Comparison of analyst consensus earnings revisions from September 1, 2008, preceding the Lehman bankruptcy, and from March 1, 2020, just before the global spread of the COVID-19 pandemic.
Similarly, options markets see more downside than upside for riskier assets. As these instruments are often deployed by sophisticated investors to manage portfolio risk, the signals reflected in their relative bullishness and bearishness can provide hints on the direction of asset prices over the near- to mid-term.
The Pivotal Consumer
We believe that the prevailing economic conditions back up this wary view. What started as a public health crisis quickly morphed into a financial shock and now has become an economic crisis. Since late March, weekly initial jobless claims have averaged 4.8 million compared to 306,000 over the previous decade. Continuous claims stand at nearly 23 million. April’s change in nonfarm payrolls of a staggering 20.5 million was unlike anything experienced before.
Weekly Continuous Jobless Claims
Not all of these lost positions will come back. This is especially true in industries such as retail, travel and hospitality that have been acutely affected by COVID-19. Many small businesses – a key source of employment – will disappear due to lack of liquidity. Individuals fortunate enough to remain employed, may seek to boost their savings after having had their finances severely stretched. As John Maynard Keynes reflected nearly a century ago, household savings may be beneficial to the individual, but bad for aggregate economic growth.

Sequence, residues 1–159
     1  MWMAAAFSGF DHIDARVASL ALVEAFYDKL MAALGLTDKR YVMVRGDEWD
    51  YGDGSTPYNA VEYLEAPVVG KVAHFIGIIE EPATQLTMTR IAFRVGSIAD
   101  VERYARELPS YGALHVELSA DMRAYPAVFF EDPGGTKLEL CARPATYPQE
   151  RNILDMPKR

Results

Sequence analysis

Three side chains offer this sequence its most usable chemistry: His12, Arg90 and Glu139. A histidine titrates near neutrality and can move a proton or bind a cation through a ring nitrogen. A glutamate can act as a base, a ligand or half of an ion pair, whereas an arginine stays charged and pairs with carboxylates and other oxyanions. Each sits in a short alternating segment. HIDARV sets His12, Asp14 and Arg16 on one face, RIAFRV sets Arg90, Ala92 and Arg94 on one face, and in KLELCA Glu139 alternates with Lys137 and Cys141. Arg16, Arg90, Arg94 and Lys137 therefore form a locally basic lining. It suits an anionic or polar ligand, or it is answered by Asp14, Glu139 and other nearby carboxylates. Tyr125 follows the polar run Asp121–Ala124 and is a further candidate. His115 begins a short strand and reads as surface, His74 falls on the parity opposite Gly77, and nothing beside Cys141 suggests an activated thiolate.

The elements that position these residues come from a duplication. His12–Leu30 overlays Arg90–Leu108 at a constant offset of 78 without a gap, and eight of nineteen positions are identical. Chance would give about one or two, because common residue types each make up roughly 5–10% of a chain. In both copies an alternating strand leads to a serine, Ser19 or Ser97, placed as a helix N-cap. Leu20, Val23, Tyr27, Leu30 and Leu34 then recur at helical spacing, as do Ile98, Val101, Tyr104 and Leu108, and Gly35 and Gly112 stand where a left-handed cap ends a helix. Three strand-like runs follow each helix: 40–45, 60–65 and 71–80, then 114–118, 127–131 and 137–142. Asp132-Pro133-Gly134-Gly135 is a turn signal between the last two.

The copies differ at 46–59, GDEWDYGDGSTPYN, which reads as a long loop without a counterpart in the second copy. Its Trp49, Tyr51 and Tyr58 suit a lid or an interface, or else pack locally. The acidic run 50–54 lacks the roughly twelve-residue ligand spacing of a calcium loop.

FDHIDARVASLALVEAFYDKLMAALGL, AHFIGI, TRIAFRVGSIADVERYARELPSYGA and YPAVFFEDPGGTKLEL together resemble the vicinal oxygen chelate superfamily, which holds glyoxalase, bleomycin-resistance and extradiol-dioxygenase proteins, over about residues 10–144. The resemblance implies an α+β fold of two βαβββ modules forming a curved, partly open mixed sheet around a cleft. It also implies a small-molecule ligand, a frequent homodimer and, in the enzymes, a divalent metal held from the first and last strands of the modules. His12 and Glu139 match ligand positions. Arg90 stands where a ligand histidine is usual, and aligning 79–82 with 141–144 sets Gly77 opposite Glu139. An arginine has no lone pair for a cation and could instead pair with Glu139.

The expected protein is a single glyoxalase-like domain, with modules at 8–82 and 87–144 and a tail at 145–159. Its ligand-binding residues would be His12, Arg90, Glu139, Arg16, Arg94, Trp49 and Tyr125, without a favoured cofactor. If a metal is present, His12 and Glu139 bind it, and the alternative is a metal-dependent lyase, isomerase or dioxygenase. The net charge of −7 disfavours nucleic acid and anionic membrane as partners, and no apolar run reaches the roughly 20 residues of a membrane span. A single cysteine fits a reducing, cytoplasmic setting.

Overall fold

Rising joblessness and potentially newfound thrift matters considerably in a country where personal consumption accounts for roughly 70% of GDP. And still undetermined are the inevitable changes in consumer behavior brought about by the pandemic that will further impact corporate earnings.
Few Market Catalysts on Horizon
Lest we forget, U.S. stocks achieved record highs only in February. Driving the latter stages of the decade-long rally was P/E expansion and share buybacks. The latter is likely over, especially for companies that have gone hat-in-hand to the government for support. As evidenced by the torrent of earnings downgrades, robust corporate performance is also likely out of the equation.
2019 Equity Index Total Return Decomposition
Much of last year’s equity gains were driven by multiple expansion; investors priced in continuing share buybacks and a reduction in the trade impasse.
That leaves multiple expansion as the sole candidate for rising markets. We are doubtful the justification for higher multiples exists. Price/earnings ratios tend to rise with lower interest rates, which we have in place thanks to the Fed. But we also know that they fall as risk premiums increase and growth rates decline. While companies capable of generating secular growth will continue to command a premium, and rock-bottom interest rates lowers the cost of capital for corporations, we find it a hard sell that unemployment resetting at a higher level, skittish consumers and increased savings won’t force investors to dial back the optimism that has fueled the equities rally. The resulting decline in earnings growth along with an historic level of uncertainty, in our view, will ultimately cause investors to command risk premiums on stocks greater than what is presently priced into the market.
When considering this backdrop, the expansion of forward P/E ratios across a range of indices by more than 50% since late March becomes all the more difficult to swallow.